The Missouri State Board of Education approved new resource and process standards to help teachers and districts evaluate student performance and success. The new standards were established to help districts reach short- and long-term goals, including college and career readiness.
This updated set of standards is part of the Missouri School Improvement Program aiming to emphasize secondary school course offerings and other curriculum-based changes.
One of the main objectives of the performance standards is to put Missouri among the top 10 states for public education by 2020, said Sarah Potter, Missouri Department of Elementary and Secondary Education Communications Coordinator.
To find the best possible solution for the goal, she said DESE works with the Missouri School Boards Association and the Missouri Association of School Administrators. Potter said other advisory groups, including teachers and superintendents across the state, are consulted to create standards and district scoring guides.
“We don’t create things in a vacuum,” Potter said. “We get good feedback and talk to schools where [changes] have been implemented. It is definitely a co-created thing and this is a step in the right direction.”
Potter said support staff contributes to college and career readiness for students as early as seventh grade. Guidance counselors meet with students to create a plan for them based on career interest. She said students can plan to take courses that will be applicable to the career they want. Available courses sometimes include specialized courses like agriculture in rural areas. These courses are mandated by the district instead of the state, because the districts create their own curriculum, Potter said.
Julie Reuschel, School Improvement Coordinator for Kirksville School District, said the district has a Career Technical Center designed for students who wish to take certain career-oriented courses such as nursing, graphic design, automotive and construction trades. Students who are part of the program spend time each day at the center and the high school, Reuschel said.
She said schools are evaluated by a point system and there are different ways districts might earn points for categories.
One technique she said DESE emphasizes is testing, especially college entrance exams such as the ACT or SAT. Students who wish to enter the military can take the Armed Services Vocational Aptitude Battery test, which she said also is evaluated to determine student success and performance.
“[DESE] wants to make sure that you’re covering as many students as possible in all areas,” Reuschel said. “We find what test would be best suited for each student and find out how to incorporate everybody into that.”
Paul Yoder, Truman State Education Department Chair, said DESE considers a variety of things when updating district process standards, including budget, emphasis of student success and future plans of Missouri students. The standard is statewide and Yoder said sometimes DESE guidelines and considerations with special courses do not work best in certain areas.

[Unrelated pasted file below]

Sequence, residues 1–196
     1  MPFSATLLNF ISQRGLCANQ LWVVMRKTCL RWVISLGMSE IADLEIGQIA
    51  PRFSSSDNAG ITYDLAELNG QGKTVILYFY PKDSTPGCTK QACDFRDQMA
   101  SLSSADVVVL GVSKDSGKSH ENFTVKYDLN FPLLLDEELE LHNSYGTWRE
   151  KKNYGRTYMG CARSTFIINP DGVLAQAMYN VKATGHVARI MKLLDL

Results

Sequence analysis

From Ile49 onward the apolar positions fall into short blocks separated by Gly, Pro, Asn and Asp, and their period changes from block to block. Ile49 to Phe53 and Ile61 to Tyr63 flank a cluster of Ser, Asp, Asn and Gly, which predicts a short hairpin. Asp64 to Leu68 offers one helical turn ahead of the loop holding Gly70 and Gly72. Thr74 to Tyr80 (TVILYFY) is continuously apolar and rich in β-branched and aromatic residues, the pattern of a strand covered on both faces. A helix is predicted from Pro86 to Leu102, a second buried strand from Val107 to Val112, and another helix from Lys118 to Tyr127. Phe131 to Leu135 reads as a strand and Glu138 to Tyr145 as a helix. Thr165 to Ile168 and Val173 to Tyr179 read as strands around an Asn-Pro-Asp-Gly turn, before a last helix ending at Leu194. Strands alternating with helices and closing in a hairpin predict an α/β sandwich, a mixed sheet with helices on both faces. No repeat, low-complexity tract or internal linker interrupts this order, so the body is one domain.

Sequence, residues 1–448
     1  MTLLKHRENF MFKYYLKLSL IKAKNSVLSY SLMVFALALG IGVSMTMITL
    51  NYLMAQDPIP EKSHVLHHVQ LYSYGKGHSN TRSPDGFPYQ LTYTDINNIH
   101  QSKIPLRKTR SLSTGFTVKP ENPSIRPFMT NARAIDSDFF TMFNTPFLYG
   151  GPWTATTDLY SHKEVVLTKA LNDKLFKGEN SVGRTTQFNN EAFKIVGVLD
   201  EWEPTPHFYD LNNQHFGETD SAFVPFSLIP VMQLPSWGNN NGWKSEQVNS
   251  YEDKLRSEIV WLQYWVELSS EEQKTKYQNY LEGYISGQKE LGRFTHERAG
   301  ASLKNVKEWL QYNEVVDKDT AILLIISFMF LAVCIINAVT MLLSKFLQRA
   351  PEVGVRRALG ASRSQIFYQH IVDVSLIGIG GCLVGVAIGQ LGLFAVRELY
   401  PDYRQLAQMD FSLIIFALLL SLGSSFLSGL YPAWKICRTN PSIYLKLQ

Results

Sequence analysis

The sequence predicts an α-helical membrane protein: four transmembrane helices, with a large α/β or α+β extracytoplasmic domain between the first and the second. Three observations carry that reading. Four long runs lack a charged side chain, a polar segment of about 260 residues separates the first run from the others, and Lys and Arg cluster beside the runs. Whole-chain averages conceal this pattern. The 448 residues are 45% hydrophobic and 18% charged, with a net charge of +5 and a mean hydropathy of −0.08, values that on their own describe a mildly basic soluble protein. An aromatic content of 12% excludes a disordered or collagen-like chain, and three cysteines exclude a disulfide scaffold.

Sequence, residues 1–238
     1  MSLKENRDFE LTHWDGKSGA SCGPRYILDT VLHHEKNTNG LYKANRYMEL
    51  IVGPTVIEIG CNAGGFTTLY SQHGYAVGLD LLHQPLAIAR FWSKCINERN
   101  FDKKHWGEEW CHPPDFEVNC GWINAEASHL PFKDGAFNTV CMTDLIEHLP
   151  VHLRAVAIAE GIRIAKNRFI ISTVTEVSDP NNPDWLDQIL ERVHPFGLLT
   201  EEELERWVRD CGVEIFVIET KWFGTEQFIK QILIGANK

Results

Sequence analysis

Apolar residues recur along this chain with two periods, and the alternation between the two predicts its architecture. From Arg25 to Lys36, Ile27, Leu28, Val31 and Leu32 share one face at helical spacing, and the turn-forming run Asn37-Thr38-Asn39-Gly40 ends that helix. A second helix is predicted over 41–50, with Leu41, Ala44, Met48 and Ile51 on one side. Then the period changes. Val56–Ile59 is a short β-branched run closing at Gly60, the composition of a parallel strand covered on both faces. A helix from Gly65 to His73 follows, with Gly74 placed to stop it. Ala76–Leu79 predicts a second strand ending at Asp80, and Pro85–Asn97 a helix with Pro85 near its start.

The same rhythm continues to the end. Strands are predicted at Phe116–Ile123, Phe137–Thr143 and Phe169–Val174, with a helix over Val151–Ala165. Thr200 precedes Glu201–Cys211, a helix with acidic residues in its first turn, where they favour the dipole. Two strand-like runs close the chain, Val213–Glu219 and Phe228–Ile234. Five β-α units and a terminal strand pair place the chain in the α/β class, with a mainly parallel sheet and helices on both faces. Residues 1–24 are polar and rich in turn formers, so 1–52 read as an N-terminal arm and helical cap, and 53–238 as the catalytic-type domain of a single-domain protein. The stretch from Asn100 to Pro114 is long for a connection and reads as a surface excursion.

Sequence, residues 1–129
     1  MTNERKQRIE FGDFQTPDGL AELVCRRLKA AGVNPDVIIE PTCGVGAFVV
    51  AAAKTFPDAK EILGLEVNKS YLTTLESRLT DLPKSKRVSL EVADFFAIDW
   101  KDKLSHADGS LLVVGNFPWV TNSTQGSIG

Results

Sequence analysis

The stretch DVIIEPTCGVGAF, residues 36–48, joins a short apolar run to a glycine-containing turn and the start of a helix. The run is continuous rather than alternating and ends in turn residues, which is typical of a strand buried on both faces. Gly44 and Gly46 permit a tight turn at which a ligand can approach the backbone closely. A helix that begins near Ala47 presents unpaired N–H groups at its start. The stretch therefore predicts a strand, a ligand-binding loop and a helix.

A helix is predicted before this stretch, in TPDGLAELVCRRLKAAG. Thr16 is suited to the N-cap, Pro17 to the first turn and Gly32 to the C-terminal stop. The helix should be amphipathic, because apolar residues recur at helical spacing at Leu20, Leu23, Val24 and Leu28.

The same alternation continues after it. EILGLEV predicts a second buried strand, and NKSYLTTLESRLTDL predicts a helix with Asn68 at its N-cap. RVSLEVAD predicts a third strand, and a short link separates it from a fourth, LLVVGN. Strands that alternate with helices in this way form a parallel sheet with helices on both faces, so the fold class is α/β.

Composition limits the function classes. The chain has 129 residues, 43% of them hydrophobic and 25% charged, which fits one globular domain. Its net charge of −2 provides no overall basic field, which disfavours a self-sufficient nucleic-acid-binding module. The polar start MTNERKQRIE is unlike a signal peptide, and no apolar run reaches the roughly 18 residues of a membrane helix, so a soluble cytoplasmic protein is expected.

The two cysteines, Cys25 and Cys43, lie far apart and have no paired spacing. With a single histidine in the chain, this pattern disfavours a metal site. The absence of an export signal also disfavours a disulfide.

“Unfortunately, what drives those decisions is quite often your big, urban and suburban St. Louis and Kansas City school districts,” Yoder said. “I think a lot of people at DESE and a lot of people in education in general, from the policy maker’s perspective, don’t understand rural education … it doesn’t quite ring true with many people establishing these standards. I think in many ways, rural schools are left out cold.”
The updated resource and process standards and the new teacher performance standards will create new standards for accountability, Yoder said.
As an institution with a large emphasis on education and teacher preparation, Yoder said Truman likely will adapt well to changes since the school has been aware of them for a while. He said this should give teachers the necessary resources to be successful.
Yoder said Kirksville School District has adapted to changes and updated standards efficiently. However, he said some districts in larger cities like St. Louis dismiss potential updates as “government talks” and are more resistant to changes.
DESE is responsible for implementing some changes, but Yoder said the changes are also discussed at the federal level. He said President Barack Obama has an agenda for education.
“Because Governor Jay Nixon was reelected, because President Obama was reelected, all of these changes are going to go through,” Yoder said.
Yoder said the different sets of accountability standards impact teachers and students differently and even though they are not directly related, he said the standards should converge to benefit teachers.